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We've been busy with our MPC Workshop, Case Study Visits and planning further Workshops in 2019. Read our November Newsletter and find out more... https://mailchi.mp/e187b838bdae/hybridgeotabs-nov-2018-newsletter-638991    

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Rana Mahmoud and Mohsen Sharifi from University of Ghent introduce a planned design methodology for sizing GEOTABS and secondary energy sources. Ongoing development of an easy-to-use hybridGEOTABS design methodology The design of hybridGEOTABS requires the sizing of both the GEOTABS and the secondary energy sources consuming and expensive – especially in feasibility stage, or rule of thumb by experienced designers, that are not validated for a wider range of typologies and climates throughout Europe. So, this project is providing a design methodology for making the hybridGEOTABS design process more accessible to building HVAC designers, and more economically feasible. In the process of developing this design methodology, we are developing an automated methodology to (1) calculate dynamic heat demand of buildings starting from general building data and (2) size the main hybridGEOTABS components using these heat demand curves. This automated process will be used to assess the sizing of numerous cases representing the EU building stock, since the whole process is automated. Easy-to-use design guidelines will then be derived from the analysis and meta-analysis of the obtained sizes for a variety of buildings and climates, taking into account the effects of optimized control. 1: To calculate heating and cooling demand curves starting from building stock data: The building stock data contains general information about the building, similar to the data that are available for system designers in the design stages (e.g. building volume, gross floor area, U-values…). We developed a methodology that allows obtaining building energy simulation models in an automated way starting from general building information data. These data were gathered from a whole population of building stock data. An essential part in this modelling process is using a model of multi-zone archetype building that is adapted to the investigated typology (the typologies of focus in this research are offices, schools, elderly homes and multi-family buildings). Each of these archetypes is fitted to the building stock data of the individual cases. The output of this process is dynamic heating and cooling demand and load duration curves. 2: To size main hybridGEOTABS components: On the other hand, a methodology to size main hybridGEOTABS components is developed that starts from the heat demand curves, calculated in previous part of research. The idea of this methodology is that the heating and cooling ‘baseload’ is covered by the GEOTABS, and the residual loads by the secondary system. By definition, the baseload is considered the maximum load that the TABS can provide (being a system with high thermal inertia), without wasting energy (as a result of a quick changing between heating and cooling). An algorithm is developed that allows to split the heating and cooling load curves from step (1) into a baseload and residual load, thus to size the secondary system from the maximum residual loads that appear. The figure above shows how the two parts of this research interact: the black curve is a heat demand curve which is output of the first part of the research. The red curve is the power of GEOTABS which is the output of the second part of the research. The blue region is the share of the secondary system.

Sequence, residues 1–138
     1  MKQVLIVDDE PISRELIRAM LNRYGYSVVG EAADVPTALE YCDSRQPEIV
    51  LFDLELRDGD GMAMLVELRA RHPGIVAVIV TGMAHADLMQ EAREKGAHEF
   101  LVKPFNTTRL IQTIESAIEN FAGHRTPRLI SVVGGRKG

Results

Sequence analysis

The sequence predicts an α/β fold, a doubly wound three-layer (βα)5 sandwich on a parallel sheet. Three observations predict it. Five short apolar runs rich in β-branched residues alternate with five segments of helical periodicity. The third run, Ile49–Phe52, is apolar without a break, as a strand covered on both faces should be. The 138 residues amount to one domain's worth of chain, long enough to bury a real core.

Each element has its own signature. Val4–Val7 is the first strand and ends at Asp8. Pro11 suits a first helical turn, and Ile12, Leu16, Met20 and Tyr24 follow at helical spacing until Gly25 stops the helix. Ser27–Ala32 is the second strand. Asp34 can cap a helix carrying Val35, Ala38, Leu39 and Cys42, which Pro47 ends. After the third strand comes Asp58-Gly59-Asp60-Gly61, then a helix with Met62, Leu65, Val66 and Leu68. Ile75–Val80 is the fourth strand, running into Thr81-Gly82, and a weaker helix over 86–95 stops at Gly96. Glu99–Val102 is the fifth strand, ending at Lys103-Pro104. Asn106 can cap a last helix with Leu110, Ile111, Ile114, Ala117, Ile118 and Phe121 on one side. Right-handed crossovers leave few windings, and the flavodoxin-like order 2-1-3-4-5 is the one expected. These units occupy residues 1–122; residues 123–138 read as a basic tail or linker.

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Filip Jorissen, PhD and Post-Doc at KU Leuven, key member of hybridGEOTABS project consortium, presented Model Predictive Control (MPC) algorithms applied to hybridGEOTABS buildings at the REHVA Brussels Conference, Smart Buildings for Smart Users - Implementing the new EPBD, on 13th November 2018. MPC can answer to the control challenges posed by smart buildings, where technical building systems have to interact and integrate towards an optimal management of energy use and comfort conditions. Filip focused on the potential of a white box approach to MPC: the MPC Toolchain currently being developed at KU Leuven will allow a user-friendly set up of MPC algorithms based on building schematics information. Dr. Jorissen then presented the application of these strategies to one of our case study buildings, Solarwind, where simulation results showed an energy saving potential of MPC of 0ver 50% with respect to traditional rule-based control. MPC shall replace the existing control system in another of our case study buildings, Infrax, and this will now be measured for anticipated energy savings.